The tribe's two golf courses were designed by Pete Dye, but I should note that there are Pete Dye courses and there are Pete Dye courses, the famous ones on which he camped out and drove the machinery himself. I'm pretty sure the Paiute courses are in the former category. Still, they're excellent, and the lush green carpets thrown across the harsh terrain are irresistible to the eye if not to the ball. Off to the west is snow-capped Charleston Peak and its ski basin; to the east, the ancient striations of the saw-toothed Sheep Mountain Range gleam in the afternoon sunshine. This may be the most stunning of all the golf settings around Las Vegas, and that's saying a lot.
These courses amply demonstrate what a top-line architect can accomplish with today's technology, ten or fifteen million dollars and comely golfing terrain. Not far away, Tom Fazio and casino magnate Steve Wynn have demonstrated what fifty million dollars or so can buy: an incredible golf course and golfing environment in purgatory itself. Although most of the desert around Las Vegas is awesomely beautiful, Wynn's tract on the northern edge of the city, near a pig farm and an industrial park, was banal and uninviting. (They say he's trying to buy the pigs, which cause problems on those downwind days.) After much cajoling, Fazio accepted the commission. Land-wise he had nothing to work with, absolutely nothing, but money-wise he had everything. The check was pretty blank.
When Shadow Creek opened in 1989, it was immediately hailed as the best new private golf course in the country. But the IRS eventually told Steve Wynn he couldn't treat the club as his private domain--open only to invited pals and premier players from his casinos--and also write it off for taxes. Or so goes the story. Anyway, the club now offers the most expensive game in America, perhaps anywhere. The suite for the night at the Mirage, the limo ride to and from the golf course and the round of golf cost one thousand dollars for one, and an additional five hundred for a second player. If you can pay, you can play, just like at the baccarat tables.
A friend in the golf business in Northern California, a guy I'll call Tom because that's his name, flew in to join me. We fell silent as our driver turned onto the grounds, presented our documents at the guardhouse, received clearance, motored oh so slowly through the woods (nobody wants to run over a Ring-necked pheasant, much less a rare Reeves pheasant) and finally arrived at the understated clubhouse tucked among the trees. In the large, airy locker room you'll notice nameplates for . . . well, I won't gratify this kind of name-dropping with a list, especially because these guys aren't really members anyway, because there really aren't any dues-paying members at Shadow Creek. (You'll probably hear about the time Bill Clinton called Steve Wynn and asked if he could play the Creek. "Are you gaming at my tables?" was the alleged response. "No, I'm not. I'm the President." "Well then, I'm sorry." Golfers love these sorts of stories about Augusta National, Cypress Point and the like. Often they're true, but I'm not sure about this one. Then again, I have no intention of correcting the record because that's not the Vegas way.)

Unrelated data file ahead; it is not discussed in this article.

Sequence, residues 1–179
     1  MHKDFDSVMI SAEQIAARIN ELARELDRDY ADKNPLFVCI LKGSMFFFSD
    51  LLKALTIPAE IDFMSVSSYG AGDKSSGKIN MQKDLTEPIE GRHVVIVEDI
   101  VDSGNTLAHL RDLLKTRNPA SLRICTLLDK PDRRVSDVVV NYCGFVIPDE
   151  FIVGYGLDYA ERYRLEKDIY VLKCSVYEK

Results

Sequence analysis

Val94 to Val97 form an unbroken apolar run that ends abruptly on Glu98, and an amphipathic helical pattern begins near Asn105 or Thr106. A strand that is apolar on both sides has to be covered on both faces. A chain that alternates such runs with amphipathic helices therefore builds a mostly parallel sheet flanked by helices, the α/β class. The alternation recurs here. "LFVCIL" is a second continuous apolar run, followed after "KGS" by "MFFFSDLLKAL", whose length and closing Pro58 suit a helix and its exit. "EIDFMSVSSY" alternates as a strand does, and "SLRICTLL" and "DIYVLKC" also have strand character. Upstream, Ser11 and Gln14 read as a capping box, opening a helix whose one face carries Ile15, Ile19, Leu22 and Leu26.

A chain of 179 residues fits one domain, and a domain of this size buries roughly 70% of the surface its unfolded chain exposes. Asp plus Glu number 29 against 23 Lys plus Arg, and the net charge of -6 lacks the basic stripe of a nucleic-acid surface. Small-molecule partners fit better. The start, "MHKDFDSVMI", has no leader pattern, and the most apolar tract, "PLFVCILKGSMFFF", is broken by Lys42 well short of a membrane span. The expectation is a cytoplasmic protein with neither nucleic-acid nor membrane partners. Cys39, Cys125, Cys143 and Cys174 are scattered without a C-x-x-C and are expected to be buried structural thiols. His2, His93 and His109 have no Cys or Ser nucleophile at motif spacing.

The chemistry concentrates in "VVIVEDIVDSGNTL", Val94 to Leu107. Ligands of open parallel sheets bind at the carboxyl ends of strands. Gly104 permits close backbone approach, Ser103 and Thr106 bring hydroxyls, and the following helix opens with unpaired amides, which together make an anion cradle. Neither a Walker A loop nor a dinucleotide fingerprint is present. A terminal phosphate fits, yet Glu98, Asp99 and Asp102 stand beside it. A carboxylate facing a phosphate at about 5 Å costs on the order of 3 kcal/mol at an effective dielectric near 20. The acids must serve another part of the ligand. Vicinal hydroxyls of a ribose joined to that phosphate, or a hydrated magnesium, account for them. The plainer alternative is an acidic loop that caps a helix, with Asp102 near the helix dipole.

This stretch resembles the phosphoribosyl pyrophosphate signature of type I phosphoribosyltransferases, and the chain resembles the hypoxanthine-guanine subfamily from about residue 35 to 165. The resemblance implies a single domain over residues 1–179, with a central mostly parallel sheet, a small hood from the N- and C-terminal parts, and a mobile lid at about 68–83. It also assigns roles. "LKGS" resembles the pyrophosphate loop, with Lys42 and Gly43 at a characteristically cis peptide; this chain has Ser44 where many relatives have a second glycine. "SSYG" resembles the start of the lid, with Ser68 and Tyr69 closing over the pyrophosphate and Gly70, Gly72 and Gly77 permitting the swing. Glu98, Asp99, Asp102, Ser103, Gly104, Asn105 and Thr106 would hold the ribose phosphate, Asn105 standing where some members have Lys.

Now I should acknowledge that I favor Tom Fazio's golf courses above all others by contemporary architects. He has the lightest touch in the business. His best greens almost float on the face of the earth. He lays in the bunkers with a finesse most of his peers can only copy. (I know professionals in the trade who feel just the opposite, that his bunkers are nothing special. They're wrong.) His framing of the holes is faultless. On the other hand, I had doubts about the idea of completely denying the desert setting. Every other great golf course works with the strengths of the given land; that's the whole idea.
My two biases offset, I can state the following with complete objectivity: Fazio and his partner--Wynn is co-credited, and deservedly so, I understand--have created nothing less than a fairy-tale land of gurgling streams, deep ravines, artful waterfalls, gardens, pheasant, quail, ducks, miles and miles of immaculate turf, distant areas of native grasses and more than twenty thousand fully grown trees. The result is a tour de force without comparison in the world of golf. From certain vantages on the course you can see the peaks of the desert mountains in the distance. Otherwise, you're somewhere else. This re-creation of the sand hills of North Carolina scant miles from the Las Vegas Strip is a 100 percent artificial, 99.9 percent convincing, stupifyingly beautiful environment. It's so good it's scary.